Wednesday, March 25, 2009

Fifteen Minutes Yoga

So now I am ready to start Yoga. How do I go about it. What should I do. When do I perform Yoga, morning or evening. Where do I do Yoga, inside, outside, noisy or quiet surroundings. All these questions must be clearly answered for a person starting to do Yoga.

Why am I doing Yoga, what is my goal, what shall I achieve after practicing for a month, two months, a year.

One can perform Yoga at a time that one is available, preferably in a quiet place, covered from above. There should not be food in the stomach, that means four hours after meals, or two hours after snacks. Early morning is a good time, sure, but most of us get up late and then rush through the morning essentials, grabbing a bite, and get to our place of work.

If you are advised to get up at 5 AM and do Yoga, you may find it difficult. Whatever time is available to you, it is OK. You may use a mat, and be bare-foot. No belt and no accessories, like spectacles/watch on the body to distract or constrain. If the place is less noisy, it is better. Wear comfortable clothes. Your body should not be constrained. Indoors is better initially.

Sit down, say a little prayer with eyes closed.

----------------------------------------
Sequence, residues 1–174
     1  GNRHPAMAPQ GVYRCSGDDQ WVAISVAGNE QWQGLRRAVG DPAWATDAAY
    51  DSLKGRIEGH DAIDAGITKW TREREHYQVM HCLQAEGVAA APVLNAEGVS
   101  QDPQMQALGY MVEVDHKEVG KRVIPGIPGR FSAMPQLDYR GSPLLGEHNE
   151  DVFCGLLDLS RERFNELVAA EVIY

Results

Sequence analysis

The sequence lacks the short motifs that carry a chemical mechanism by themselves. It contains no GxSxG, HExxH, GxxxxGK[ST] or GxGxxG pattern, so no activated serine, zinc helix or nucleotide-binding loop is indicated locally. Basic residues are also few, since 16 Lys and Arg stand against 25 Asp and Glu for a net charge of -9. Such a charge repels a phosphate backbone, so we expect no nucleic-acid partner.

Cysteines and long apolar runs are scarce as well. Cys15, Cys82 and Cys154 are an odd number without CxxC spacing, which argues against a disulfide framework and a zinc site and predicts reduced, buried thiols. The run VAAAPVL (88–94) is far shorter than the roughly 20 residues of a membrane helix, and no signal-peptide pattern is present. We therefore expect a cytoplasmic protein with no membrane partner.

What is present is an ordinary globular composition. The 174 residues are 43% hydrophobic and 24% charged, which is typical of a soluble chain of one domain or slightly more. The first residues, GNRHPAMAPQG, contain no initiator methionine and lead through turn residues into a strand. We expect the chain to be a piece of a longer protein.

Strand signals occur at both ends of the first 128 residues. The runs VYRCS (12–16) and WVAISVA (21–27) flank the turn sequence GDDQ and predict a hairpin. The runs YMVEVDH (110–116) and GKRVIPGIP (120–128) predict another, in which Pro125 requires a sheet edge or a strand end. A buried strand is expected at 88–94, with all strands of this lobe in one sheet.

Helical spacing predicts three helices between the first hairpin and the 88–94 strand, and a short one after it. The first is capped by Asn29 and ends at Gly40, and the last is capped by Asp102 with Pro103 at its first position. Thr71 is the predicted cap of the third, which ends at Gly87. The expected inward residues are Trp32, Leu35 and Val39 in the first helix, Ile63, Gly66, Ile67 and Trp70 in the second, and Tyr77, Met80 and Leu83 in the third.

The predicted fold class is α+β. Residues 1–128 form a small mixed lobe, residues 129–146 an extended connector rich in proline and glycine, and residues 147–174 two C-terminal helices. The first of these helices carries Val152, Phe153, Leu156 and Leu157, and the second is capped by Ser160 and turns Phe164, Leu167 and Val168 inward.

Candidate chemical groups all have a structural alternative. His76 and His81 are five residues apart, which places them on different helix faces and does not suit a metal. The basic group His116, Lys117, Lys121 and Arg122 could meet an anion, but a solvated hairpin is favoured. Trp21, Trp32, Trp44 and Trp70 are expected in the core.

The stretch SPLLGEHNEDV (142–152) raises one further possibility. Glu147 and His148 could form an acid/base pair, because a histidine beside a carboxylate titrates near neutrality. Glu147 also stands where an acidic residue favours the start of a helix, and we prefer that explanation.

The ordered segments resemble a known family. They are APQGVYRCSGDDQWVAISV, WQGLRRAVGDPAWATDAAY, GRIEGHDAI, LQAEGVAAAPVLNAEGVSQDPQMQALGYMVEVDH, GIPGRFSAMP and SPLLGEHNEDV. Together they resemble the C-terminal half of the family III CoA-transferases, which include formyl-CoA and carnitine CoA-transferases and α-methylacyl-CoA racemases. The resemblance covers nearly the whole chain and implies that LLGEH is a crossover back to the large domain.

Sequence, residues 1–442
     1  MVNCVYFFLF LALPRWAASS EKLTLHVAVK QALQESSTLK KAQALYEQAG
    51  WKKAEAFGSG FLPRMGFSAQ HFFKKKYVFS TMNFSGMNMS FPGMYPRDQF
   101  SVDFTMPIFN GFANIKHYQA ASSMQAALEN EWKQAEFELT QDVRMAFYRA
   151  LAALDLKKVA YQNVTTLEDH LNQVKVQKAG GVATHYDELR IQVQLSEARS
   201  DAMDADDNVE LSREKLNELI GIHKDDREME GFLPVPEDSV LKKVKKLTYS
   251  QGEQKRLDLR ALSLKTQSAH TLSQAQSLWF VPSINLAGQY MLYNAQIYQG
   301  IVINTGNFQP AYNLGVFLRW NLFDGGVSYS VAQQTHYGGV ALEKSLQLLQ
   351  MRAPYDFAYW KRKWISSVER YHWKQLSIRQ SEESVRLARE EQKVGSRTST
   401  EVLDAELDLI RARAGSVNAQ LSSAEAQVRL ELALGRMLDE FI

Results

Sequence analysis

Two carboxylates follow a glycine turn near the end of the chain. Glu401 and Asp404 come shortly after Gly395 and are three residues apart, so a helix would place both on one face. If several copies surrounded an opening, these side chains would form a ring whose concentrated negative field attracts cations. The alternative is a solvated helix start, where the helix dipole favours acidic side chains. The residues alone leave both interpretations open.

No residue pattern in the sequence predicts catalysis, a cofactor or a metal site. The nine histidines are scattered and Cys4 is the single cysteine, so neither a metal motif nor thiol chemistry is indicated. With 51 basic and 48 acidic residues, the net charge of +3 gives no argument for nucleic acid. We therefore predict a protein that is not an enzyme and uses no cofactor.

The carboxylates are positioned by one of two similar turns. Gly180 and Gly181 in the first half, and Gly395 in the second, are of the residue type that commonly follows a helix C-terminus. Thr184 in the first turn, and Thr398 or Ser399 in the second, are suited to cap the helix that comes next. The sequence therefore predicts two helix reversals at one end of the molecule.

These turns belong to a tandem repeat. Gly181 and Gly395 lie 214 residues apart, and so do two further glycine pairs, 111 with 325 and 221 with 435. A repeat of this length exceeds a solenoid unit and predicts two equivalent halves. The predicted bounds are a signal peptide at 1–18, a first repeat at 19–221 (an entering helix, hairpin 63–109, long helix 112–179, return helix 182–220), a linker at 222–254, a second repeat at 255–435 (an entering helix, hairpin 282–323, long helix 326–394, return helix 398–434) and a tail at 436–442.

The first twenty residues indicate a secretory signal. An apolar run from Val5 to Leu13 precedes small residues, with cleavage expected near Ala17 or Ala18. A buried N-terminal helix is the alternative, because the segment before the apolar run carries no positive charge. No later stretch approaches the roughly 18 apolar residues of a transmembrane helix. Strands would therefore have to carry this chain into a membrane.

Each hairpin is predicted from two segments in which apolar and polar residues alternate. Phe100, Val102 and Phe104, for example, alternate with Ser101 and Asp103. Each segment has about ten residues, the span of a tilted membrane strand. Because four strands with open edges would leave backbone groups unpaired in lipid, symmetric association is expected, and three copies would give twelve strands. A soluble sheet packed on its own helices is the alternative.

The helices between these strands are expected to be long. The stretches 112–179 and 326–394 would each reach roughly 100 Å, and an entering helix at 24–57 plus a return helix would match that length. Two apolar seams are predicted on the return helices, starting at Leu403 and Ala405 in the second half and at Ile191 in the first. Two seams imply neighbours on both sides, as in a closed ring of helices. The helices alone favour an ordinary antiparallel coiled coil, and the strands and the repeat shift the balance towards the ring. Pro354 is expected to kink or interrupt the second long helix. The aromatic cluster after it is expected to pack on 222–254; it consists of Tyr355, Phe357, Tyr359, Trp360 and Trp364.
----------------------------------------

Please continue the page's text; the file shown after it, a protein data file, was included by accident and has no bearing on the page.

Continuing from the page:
If you got 15 minutes, start with a fifteen minute session. Do one or two systematic breathing exercises synchronising breath with body movements (total three minutes), and one relaxation exercise (three minutes)and five minutes of Pranayama say Anuloma -viloma, and 'sectional breathing'. This followed by a small prayer should take you 15 minutes.

What will you get, it will certainly be worth the time and effort. Relaxed body and rested mind to start with. Hopefully, much more....let's see.

Non violence starts with the body. Dont force the body (or the mind). Be kind to them. Slow and steady. Remember your body and your mind are friends. Treat them with respect. Be patient. Allow them some playfulness. Gently bring them around. Remember Robert Bruce, the king who got inspired by a spider.

Any questions (like what is a systematic breathing exercise), ask me 91 9999 49 57 42.

Monday, March 23, 2009

Why booze is bad for women

Why booze is bad for women

Times Online - UK

A new research study told us that just one small glass of wine a day was enough to significantly raise a woman's risk of breast cancer. ...

Go to the link below to read more on this topic.

Friday, March 20, 2009

Story telling

Hello everyone out there:

I recently read an article in TOI center page. It says writing something every day is very therapeutic. Write in one place (note book) everyday. Don't think who is the audience, who will read it. Write for the sake of writing. Whatever, whatever..... is the theme. When you read such writings after sometime, you will be amazed. These writing-sessions help in healing. They bring out your inner turmoil and give a sense of relief.